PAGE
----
WASHINGTON (Reuters) - New adjustable rate mortgage borrowers are getting a smaller interest rate break than borrowers did a year ago as lenders raise the price on products that helped fuel the recent housing boom, data released on Tuesday indicates.
Starting rates for ARMs in mid-December were close to or above year-ago levels, according to mortgage company Freddie Mac, even though the Federal Reserve’s target interest rate was 4.25 percent compared with 5.25 percent at the end of 2006.
“Disruptions in the capital markets beginning in August and an increase in delinquencies on ARM product has led to a sharp decline in interest-rate discounting and a tightening of credit underwriting on ARMs in recent months,” said Frank Nothaft, Freddie Mac chief economist.
“A year ago, the initial-rate discount on the popular 3/1 and 5/1 hybrid products was about 1.8 percentage points,” said Nothaft, referring to ARMs that reset after three or five years. “In our latest survey, the rate discount had virtually disappeared on these products.”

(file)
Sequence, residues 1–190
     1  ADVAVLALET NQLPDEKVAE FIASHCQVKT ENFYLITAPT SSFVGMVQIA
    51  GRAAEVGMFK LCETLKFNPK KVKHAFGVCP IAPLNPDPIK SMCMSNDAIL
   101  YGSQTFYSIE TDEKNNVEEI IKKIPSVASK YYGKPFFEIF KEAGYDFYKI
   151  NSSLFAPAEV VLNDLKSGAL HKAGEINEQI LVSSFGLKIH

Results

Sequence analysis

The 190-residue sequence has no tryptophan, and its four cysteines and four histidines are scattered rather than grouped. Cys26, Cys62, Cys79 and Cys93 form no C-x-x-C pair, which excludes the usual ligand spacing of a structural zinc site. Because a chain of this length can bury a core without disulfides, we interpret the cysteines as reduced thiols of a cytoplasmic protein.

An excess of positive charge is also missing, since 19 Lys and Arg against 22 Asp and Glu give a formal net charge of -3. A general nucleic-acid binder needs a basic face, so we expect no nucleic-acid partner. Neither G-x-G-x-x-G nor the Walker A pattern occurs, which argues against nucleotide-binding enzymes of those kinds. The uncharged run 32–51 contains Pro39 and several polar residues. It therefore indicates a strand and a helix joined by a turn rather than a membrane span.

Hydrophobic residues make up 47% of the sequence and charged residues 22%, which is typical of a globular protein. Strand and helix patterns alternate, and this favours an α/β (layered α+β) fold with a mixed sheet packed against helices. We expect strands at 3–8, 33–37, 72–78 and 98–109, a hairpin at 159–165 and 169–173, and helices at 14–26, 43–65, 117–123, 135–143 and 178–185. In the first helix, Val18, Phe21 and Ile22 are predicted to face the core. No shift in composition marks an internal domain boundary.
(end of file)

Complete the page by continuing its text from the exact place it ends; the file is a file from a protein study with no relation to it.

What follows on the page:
Regulators have also insisted that lenders hike the initial interest rate, often known as a “teaser-rate”, of new mortgages to keep borrowers on a steady repayment schedule. During a five-year run-up in home values that ended in 2005, many borrowers took out loans with low initial payments that ballooned later in the life of the loan.
ARMs accounted for 17 percent of loan applications in October 2007. In 2004, ARMs hit a high of 33 percent of mortgage loans.
“Consumers respond to changes in the relative cost of different loan products. As ARMs became more expensive relative to fixed-rate loans during the closing months of 2007, the ARM share of lending declined,” explained Nothaft.
Reporting by Patrick Rucker; Editing by Andrea Ricci